So of the purchased plants – two down, 152 to go.

But wait! That’s Not All!

Iris 'Immortality'

Iris ‘Immortality’ blooming in a pot

This doesn’t count all the plants that were taken out of the island bed and slope garden! Counting pots doesn’t help here, because many of these plants will have to be divided before replanting.

For example, my two original ‘Immortality’ irises have become six or seven. One pot of Siberian irises could make at least 3 plants (depending on the pot size). Every pot of daylilies could make two to six plants. Isn’t that a fun thought?

It’s Classic Marcia Behavior

*Sigh* I do this every year (in years when I’m not depressed). Hell, I made myself a vow not to buy plants this year AT ALL, and look what happened. This was to be the year of renewal and renovation, and NOT a year of new plants. The only planting was to be RE-planting of perennials that had to be dug out in preparation for the renovations.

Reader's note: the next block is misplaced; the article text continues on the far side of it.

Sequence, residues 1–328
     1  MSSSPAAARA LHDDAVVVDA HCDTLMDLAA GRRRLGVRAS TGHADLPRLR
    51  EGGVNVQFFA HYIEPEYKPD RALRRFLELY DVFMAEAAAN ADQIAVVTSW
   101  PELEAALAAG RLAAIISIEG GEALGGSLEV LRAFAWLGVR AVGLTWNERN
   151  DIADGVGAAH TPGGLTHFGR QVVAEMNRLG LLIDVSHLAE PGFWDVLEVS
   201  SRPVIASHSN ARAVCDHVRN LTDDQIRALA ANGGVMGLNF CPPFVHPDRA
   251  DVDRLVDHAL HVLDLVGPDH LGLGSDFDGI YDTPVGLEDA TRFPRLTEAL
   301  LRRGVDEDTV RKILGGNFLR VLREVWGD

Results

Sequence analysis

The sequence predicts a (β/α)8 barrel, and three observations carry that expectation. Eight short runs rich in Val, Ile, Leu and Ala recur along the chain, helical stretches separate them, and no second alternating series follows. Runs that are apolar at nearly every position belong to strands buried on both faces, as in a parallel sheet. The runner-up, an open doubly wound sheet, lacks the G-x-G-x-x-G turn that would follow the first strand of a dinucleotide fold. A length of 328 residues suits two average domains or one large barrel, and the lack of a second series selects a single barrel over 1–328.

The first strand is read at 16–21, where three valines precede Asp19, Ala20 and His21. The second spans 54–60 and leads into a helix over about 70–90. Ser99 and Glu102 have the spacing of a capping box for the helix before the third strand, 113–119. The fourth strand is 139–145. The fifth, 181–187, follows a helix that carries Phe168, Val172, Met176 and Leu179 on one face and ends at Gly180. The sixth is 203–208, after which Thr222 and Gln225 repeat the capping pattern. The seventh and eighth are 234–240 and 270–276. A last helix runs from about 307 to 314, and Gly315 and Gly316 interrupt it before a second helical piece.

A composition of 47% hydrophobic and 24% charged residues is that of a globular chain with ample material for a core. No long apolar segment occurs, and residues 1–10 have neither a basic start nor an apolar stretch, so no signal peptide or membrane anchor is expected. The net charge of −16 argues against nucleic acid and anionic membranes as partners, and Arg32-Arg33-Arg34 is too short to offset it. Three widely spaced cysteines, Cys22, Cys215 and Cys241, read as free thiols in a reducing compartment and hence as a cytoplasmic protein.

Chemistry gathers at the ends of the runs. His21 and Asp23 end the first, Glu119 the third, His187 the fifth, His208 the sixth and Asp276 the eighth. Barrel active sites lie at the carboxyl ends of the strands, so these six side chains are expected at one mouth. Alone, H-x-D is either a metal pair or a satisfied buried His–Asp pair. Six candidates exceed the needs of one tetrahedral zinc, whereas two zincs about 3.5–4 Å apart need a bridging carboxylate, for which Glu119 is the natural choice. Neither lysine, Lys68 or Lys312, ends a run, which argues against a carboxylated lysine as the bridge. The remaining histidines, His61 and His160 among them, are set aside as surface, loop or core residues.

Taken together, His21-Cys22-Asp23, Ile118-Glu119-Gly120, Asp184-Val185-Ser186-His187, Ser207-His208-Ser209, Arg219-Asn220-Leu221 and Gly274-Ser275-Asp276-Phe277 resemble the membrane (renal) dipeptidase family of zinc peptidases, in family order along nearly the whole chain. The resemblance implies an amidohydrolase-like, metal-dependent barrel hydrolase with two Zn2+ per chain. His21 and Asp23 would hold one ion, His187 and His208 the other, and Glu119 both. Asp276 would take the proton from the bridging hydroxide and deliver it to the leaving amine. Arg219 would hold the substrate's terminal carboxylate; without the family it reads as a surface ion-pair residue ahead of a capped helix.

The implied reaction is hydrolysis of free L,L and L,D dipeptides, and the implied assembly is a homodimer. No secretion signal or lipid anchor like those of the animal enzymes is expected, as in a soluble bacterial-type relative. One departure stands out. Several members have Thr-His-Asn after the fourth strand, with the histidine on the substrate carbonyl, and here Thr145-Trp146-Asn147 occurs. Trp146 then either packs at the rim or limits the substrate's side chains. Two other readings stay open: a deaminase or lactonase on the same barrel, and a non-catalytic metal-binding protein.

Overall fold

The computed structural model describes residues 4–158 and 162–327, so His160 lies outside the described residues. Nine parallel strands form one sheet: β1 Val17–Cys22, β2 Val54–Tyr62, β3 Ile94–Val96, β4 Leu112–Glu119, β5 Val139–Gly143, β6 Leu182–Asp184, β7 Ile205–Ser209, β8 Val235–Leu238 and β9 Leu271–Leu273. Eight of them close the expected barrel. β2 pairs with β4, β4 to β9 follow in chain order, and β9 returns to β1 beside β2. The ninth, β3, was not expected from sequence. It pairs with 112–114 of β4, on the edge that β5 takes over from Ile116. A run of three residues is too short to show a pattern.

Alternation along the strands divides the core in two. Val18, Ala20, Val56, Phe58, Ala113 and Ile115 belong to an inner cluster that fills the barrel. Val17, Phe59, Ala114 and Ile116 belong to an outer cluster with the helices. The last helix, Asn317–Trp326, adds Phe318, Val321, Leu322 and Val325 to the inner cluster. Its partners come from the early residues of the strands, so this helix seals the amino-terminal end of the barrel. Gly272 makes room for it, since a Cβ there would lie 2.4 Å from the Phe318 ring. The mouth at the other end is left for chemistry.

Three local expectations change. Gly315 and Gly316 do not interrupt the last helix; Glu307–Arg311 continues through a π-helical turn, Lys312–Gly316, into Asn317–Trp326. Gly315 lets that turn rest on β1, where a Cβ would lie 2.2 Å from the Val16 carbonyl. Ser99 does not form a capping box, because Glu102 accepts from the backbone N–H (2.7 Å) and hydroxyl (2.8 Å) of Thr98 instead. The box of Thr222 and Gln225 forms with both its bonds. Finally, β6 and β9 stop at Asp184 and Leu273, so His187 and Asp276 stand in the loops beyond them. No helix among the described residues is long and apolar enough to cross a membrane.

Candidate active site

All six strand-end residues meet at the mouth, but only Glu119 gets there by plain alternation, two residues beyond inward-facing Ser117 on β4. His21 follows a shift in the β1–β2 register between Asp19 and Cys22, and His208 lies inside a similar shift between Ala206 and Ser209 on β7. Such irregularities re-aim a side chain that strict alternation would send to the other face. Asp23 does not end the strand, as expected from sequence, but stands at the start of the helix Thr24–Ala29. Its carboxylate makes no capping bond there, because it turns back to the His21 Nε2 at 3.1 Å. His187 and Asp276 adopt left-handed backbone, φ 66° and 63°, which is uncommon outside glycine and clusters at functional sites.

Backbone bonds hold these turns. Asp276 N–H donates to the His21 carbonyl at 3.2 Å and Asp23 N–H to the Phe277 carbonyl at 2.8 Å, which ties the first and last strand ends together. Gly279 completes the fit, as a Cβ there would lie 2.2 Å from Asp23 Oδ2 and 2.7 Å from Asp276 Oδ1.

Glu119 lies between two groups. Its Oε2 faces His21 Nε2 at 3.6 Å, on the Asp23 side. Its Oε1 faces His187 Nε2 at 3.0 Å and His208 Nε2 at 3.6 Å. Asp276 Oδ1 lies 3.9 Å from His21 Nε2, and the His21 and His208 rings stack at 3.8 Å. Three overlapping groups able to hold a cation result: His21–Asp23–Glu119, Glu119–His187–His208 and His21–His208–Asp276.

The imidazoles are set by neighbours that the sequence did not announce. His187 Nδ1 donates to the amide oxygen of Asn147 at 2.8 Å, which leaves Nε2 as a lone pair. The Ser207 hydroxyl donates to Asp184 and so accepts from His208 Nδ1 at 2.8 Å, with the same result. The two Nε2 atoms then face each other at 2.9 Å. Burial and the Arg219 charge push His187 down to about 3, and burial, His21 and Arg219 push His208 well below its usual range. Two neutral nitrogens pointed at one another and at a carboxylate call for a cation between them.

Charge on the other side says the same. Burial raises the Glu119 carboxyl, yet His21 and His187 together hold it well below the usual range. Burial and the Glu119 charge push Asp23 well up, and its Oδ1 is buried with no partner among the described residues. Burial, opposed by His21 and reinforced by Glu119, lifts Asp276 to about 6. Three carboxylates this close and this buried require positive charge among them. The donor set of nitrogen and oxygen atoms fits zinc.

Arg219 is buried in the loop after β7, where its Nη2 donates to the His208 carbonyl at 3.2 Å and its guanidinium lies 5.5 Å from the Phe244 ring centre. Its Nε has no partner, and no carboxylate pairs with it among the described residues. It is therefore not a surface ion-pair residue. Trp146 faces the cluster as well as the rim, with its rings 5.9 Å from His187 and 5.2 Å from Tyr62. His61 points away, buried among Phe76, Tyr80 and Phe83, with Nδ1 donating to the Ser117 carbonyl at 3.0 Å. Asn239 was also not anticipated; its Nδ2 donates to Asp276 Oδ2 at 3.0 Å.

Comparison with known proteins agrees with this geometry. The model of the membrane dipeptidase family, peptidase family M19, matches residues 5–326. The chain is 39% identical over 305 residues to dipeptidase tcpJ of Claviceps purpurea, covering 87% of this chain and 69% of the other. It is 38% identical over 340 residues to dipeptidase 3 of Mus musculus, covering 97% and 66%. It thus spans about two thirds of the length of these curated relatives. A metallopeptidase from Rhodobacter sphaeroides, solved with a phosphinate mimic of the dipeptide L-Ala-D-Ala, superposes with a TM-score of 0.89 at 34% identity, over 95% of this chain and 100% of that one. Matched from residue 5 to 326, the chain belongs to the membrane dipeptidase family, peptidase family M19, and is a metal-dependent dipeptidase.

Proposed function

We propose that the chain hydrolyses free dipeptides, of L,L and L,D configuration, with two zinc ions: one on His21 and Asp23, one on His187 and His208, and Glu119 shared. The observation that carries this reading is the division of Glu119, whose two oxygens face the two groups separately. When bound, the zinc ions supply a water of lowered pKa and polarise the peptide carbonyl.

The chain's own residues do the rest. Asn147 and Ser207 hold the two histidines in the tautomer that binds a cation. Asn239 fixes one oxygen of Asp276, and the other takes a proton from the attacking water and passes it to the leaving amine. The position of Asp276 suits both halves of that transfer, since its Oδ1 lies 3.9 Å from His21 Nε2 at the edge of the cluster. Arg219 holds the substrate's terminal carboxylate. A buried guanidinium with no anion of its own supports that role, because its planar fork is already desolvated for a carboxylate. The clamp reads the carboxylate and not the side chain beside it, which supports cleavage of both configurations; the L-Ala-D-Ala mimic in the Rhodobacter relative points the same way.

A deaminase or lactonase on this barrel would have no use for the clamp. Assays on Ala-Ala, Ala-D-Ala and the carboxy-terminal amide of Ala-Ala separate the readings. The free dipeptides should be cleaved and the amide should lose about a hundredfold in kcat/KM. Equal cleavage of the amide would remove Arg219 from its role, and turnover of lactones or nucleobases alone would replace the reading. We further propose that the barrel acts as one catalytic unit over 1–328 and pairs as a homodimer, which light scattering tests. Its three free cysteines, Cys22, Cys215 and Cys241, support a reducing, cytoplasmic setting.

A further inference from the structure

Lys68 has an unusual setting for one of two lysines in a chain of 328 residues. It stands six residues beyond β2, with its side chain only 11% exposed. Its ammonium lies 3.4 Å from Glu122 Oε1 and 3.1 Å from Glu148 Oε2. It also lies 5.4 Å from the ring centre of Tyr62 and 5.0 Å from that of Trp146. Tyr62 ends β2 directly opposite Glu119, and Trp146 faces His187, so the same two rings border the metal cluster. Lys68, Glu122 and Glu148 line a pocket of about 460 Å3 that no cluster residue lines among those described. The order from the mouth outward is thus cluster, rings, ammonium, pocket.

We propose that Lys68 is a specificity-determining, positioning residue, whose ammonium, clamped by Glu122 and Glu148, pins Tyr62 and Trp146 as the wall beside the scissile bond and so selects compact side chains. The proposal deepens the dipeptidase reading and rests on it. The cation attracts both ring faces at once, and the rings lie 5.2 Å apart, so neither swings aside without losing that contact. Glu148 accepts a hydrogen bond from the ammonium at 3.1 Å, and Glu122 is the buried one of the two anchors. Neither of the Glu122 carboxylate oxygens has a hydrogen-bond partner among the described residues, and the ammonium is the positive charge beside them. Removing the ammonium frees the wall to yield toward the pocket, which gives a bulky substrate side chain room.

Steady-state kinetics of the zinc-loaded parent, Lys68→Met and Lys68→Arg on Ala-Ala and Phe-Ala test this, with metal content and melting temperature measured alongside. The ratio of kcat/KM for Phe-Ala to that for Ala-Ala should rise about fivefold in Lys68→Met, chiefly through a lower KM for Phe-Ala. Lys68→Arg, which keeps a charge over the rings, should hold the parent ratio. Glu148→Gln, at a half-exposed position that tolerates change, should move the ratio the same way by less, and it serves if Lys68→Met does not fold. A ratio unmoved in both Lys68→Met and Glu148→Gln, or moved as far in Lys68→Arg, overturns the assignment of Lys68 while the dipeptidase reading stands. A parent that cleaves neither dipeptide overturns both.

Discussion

Platycodon 'Sentimental Blue' - Balloonflowers

Platycodon ‘Sentimental Blue’ – Balloonflowers

It’s some consolation that 96 of them are two flats of annuals. Pots of pansies, yellow petunias, red petunias and portulaca can dress up the front steps and back patio. Lobelias might dress up a planter with ‘Elijah Blue’ festuca.

I might leave ‘Sentimental Blue’ balloonflowers in the planter that was supposed to be temporary and add some white pansies, then plant the balloonflowers in fall.

The big white dahlias, since they are not hardy here, could get stuck in the ground just about anywhere there is sunlight most of the day, or be put in large planters.

Reducing Anxiety, One Step at a Time: Step 1